Michael L Torrie
torriem at chem.byu.edu
Thu Feb 22 09:45:35 MST 2007
On Thu, 2007-02-22 at 09:25 -0700, Daniel C. wrote:
> On 2/22/07, Charles Curley <charlescurley at charlescurley.com> wrote:
> > Well, you're already radioactive. But being exposed to enough
> > radiation can increase your own radiation. That's in addition to the
> > other damage that radiation can cause. For most people, most of the
> > time, it isn't an issue. If the old BYU reactor was properly run and
> > cleaned up, it shouldn't be an issue. I've never heard of anyone
> > refusing to play squash at the University of Chicago.
> So, my real question - does irradiating food to sterilize it make the
> food itself radioactive, or increase its radioactivity?
Nope. You're confusing your terms here. There are different forms of
radiation. When I go outside, I am bombarded with a full spectrum of
radiation. Everything from radio waves to UV to visible light to IR.
It's all hitting me. This is called RF radiation. It can cause
ionization of tissues at certain wavelengths, and has been known to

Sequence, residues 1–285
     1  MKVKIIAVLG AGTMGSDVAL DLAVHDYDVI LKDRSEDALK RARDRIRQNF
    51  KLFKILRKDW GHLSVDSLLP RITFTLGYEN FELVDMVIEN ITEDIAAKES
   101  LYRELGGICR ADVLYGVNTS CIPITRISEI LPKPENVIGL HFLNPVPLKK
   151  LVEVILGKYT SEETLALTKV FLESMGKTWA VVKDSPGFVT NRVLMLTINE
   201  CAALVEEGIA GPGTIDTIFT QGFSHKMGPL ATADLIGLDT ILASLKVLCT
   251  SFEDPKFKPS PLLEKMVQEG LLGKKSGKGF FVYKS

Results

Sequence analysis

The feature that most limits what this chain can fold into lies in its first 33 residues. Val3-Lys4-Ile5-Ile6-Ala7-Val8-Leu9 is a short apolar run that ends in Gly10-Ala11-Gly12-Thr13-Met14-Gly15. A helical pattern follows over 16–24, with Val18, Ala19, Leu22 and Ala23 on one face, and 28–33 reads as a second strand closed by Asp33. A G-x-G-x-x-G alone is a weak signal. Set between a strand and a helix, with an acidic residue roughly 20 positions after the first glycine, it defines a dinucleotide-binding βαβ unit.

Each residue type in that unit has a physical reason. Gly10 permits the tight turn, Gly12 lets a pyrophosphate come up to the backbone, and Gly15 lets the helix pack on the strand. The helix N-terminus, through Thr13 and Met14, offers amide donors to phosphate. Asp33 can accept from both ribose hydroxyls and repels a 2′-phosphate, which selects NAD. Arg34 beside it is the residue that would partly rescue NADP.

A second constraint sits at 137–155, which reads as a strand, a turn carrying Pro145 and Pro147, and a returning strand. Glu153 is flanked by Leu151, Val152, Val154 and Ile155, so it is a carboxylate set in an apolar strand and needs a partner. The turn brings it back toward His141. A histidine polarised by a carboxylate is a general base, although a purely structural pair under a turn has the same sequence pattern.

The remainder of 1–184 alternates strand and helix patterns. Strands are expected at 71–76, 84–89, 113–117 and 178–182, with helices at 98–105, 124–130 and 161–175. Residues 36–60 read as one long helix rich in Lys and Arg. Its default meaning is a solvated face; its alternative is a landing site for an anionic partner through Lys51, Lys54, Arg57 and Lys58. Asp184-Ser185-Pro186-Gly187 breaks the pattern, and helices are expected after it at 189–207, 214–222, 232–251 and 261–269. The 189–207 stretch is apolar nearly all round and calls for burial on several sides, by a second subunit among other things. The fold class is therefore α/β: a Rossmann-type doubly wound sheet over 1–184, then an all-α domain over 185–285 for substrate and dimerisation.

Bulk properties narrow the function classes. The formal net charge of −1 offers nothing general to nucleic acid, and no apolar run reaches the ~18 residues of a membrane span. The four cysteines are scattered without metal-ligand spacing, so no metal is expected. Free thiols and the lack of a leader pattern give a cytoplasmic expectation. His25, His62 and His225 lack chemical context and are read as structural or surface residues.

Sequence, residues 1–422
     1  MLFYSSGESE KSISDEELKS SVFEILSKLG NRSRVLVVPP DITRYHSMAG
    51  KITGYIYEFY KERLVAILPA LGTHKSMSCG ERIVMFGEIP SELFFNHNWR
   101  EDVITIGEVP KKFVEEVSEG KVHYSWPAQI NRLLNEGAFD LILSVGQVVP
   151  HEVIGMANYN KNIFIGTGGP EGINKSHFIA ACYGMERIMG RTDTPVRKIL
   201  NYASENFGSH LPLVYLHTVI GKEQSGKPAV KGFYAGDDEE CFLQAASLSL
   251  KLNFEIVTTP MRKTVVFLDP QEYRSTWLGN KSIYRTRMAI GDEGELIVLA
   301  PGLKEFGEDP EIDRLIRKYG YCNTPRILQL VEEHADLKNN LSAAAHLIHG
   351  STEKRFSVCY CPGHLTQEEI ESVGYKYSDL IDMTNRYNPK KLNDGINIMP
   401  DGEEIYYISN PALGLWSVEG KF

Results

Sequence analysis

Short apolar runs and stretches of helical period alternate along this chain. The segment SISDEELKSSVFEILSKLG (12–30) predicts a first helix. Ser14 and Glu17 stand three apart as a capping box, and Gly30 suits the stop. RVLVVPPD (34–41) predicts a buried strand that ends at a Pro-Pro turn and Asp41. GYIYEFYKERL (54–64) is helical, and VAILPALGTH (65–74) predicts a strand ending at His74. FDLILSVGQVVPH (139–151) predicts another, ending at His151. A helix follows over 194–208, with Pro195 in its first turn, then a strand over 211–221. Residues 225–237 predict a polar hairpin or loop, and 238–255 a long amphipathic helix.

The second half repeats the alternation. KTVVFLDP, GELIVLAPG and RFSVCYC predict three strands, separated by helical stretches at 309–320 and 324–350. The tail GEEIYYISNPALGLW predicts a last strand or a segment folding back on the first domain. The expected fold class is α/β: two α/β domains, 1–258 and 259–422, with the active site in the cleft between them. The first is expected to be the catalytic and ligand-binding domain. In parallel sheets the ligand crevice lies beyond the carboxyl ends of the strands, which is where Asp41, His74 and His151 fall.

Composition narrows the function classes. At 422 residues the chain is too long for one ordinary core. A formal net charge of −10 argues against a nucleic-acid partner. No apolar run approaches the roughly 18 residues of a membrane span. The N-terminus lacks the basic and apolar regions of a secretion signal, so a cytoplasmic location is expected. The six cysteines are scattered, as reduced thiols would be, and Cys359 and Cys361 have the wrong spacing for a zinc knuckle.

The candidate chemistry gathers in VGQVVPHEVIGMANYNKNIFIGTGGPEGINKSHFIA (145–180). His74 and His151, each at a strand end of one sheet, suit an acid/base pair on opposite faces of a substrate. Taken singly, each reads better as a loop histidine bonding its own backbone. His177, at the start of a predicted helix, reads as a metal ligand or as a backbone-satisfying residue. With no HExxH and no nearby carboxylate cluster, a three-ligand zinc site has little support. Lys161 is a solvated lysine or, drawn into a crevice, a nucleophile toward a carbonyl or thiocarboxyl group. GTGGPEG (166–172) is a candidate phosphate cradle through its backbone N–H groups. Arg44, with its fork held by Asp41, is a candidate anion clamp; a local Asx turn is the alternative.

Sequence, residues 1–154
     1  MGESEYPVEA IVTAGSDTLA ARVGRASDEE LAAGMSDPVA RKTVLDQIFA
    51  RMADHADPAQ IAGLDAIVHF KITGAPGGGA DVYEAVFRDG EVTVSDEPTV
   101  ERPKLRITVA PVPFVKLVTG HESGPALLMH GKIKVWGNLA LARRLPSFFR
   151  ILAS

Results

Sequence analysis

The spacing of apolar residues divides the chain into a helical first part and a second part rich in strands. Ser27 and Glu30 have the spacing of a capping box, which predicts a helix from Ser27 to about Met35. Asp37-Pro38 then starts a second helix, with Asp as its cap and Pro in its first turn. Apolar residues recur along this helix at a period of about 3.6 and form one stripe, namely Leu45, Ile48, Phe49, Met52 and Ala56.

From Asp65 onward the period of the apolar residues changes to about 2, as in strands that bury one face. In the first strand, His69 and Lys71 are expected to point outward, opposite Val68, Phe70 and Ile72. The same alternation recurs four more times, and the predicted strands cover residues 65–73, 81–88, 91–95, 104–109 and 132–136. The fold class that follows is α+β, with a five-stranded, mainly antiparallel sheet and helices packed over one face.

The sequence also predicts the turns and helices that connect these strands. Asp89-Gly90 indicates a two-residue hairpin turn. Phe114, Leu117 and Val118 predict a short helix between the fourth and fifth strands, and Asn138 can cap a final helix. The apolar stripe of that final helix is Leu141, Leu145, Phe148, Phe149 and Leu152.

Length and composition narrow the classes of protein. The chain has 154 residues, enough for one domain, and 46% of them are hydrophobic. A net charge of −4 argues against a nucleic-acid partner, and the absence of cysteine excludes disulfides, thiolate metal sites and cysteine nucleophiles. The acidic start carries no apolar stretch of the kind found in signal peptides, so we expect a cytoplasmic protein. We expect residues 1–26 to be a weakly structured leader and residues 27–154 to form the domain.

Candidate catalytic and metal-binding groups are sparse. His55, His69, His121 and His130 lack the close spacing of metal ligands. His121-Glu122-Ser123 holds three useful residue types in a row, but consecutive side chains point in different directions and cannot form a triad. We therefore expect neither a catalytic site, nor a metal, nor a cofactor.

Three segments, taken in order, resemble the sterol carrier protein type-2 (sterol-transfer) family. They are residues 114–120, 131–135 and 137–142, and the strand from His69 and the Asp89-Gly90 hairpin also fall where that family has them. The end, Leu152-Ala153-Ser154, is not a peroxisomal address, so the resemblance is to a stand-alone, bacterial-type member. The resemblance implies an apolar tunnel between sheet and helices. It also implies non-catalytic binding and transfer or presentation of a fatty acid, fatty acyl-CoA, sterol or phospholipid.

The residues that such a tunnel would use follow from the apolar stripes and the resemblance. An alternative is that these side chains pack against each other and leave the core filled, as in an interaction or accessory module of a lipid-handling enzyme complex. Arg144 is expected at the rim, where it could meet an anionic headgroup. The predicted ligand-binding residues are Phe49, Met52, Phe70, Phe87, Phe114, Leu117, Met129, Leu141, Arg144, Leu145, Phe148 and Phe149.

denature DNA, sometimes causing cancer (UV). But it doesn't make you
radioactive. Something is radioactive, typically, when it emits
particles like neutrons, alpha particles, etc (the matter is breaking
down). Some of these emissions of particles can make substances they
touch radioactive too.
When your food is irradiated, it simply uses lots of RF radiation at
certain frequencies to kill bacteria. This is not unlike a microwave
(different wavelengths though) heating food. There are radioactive
substances involved in the machines that generate the RF radiation
needed to irradiate food, though. That's because radioactive substances
often can be used to produce certain wavelengths of RF. But that has
nothing to do with the food. There are a few people out there that
don't understand that and spread much FUD over this issue. Some
prominent authors even.
The military first experimented with irradiating food, as they wished to
find a way to make food store for many years. So they first
experimented with rats. The rats were fed a steady diet of irradiated
food and water for several weeks or months. They were healthy and
showed no ill effects. Then one day a worker somehow accidentally fed
them non-irradiated food and water. The rats all died within hours.
The reason they died is left as an exercise for the reader.
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